A report provided the findings from seven action research projects, conducted by pupils and overseen by staff in schools. Topics covered: able, gifted and talented learners; homework, including cross-curricular homework; and the impact of teaching styles for learning outcomes of white working-class pupils.
Source: Anna Riggall, Richard Churches, and Alex Elwick (eds.), Action Research for School Improvement: Studies on able, gifted and talented learners, homework and white working-class pupils, CfBT Education Trust
The inspectorate for education and children's services began a consultation on proposals to revise the framework for inspecting initial teacher education. The consultation would close on 6 May 2014.
Source: Proposed Revisions to the Framework for Inspecting Initial Teacher Education: Consultation document, HMI 140029, Office for Standards in Education, Children's Services and Skills
A report examined the available evidence on the quality of early childhood education and care for children under three, drawing on international research primarily from the United Kingdom, United States of America, Australia, and New Zealand. The report concluded that developmental benefits were only achieved if children were able to attend good quality provision. It made a range of recommendations, including: for better qualified and better paid staff; to ensure good 'social mix' among children; for appropriate and stimulating physical environments; for the further strengthening of the Ofsted inspection system; and for the delay of the roll out of the early education initiative until the government could ensure consistently good quality provision.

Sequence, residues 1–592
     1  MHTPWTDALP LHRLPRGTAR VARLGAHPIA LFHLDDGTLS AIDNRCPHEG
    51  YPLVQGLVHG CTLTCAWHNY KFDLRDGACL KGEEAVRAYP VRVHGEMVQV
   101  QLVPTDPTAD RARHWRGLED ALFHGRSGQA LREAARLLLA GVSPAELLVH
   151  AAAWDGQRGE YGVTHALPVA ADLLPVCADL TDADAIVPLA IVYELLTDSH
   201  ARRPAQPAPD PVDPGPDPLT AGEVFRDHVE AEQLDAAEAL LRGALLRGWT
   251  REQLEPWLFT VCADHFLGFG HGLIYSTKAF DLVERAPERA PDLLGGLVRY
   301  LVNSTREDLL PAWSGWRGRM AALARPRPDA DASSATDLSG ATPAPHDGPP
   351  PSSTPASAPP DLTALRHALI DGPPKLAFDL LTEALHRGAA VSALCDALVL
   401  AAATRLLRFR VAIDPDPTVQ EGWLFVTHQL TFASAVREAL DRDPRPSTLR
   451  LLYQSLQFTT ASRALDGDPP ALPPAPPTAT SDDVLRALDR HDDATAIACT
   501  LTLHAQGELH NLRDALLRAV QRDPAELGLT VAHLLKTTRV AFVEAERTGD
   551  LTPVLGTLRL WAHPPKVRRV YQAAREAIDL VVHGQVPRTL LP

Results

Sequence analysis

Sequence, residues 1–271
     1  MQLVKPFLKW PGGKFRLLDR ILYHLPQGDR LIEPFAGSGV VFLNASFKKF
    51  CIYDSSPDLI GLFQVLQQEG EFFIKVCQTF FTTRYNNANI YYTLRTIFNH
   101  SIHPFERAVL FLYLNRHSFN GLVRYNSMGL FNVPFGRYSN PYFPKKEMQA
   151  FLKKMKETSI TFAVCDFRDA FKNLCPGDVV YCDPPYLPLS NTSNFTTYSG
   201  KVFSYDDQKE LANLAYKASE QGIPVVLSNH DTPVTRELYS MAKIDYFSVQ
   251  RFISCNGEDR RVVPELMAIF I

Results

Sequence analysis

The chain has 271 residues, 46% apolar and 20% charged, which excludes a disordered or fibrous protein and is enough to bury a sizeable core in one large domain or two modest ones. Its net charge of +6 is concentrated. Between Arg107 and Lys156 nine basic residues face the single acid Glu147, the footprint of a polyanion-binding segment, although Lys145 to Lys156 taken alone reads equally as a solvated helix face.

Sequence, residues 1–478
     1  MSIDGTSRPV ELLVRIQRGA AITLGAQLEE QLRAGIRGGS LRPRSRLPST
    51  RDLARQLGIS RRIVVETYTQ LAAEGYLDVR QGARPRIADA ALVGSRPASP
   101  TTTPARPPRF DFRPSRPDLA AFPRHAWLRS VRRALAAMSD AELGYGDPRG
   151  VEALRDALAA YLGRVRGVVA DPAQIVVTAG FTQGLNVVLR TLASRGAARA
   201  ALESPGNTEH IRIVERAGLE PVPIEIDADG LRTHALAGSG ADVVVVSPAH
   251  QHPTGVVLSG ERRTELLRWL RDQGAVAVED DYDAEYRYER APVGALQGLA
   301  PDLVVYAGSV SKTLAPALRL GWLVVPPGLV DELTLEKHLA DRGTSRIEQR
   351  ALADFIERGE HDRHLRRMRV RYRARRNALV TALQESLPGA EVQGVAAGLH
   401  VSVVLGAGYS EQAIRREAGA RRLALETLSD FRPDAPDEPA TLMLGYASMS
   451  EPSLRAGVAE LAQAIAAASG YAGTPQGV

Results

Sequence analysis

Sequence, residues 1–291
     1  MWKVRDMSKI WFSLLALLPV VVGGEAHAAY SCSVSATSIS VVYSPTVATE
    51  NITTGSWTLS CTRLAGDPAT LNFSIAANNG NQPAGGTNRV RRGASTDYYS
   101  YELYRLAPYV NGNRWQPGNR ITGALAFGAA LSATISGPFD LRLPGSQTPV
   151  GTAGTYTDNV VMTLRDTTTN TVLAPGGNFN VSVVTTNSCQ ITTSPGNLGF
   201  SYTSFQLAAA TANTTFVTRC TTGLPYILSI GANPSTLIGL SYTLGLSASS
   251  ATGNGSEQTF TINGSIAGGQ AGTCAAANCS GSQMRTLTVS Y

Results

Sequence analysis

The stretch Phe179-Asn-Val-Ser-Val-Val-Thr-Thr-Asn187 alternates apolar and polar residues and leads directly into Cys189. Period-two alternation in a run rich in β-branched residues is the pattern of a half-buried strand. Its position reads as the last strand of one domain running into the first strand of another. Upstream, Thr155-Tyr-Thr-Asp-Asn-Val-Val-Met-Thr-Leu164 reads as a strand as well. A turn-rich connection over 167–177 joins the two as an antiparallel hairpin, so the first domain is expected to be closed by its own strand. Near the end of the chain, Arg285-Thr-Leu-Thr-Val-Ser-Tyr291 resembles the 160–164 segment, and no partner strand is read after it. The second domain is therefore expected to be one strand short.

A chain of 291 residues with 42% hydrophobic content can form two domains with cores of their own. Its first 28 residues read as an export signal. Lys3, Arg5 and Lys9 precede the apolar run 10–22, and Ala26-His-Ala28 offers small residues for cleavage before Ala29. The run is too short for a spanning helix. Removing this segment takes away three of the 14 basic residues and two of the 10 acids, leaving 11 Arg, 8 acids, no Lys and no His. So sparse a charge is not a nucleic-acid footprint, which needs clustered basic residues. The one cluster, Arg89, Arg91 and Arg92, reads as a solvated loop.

Source: Sandra Mathers, Naomi Eisenstadt, Kathy Sylva, Elena Soukakou, and Katharina Ereky-Stevens, Sound Foundations: A review of the research evidence on quality of early childhood education and care for children under three – implications for policy and practice, Sutton Trust
A report examined the performance of schools that had converted to academy status in England, by comparing their performance in Ofsted inspections in 2012-13 (against the new Ofsted framework) with that of local authority maintained mainstream schools. It said that, for primary converter academies, those previously rated as outstanding were more likely to retain that rating than local authority maintained mainstream schools, while those previously rated as good or satisfactory were more likely to improve. For secondary converter academies, it said that: those previously rated as outstanding were marginally more likely to retain that rating than local authority maintained mainstream schools; those previously rated as good were more likely to be subsequently rated as outstanding (and were also less likely to achieve a lower rating); and those previously rated as satisfactory were more likely to improve that rating than local authority maintained mainstream schools.
Source: Performance of Converter Academies: An analysis of inspection outcomes 2012 to 2013, Department for Education